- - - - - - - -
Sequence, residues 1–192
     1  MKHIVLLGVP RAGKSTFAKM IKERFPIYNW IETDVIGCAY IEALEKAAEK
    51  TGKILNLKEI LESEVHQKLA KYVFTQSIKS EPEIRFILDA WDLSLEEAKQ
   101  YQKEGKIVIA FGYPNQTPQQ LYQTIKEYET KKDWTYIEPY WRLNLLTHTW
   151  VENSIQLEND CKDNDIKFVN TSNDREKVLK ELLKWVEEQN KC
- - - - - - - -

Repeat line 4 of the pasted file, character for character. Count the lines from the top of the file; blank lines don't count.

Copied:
   101  YQKEGKIVIA FGYPNQTPQQ LYQTIKEYET KKDWTYIEPY WRLNLLTHTW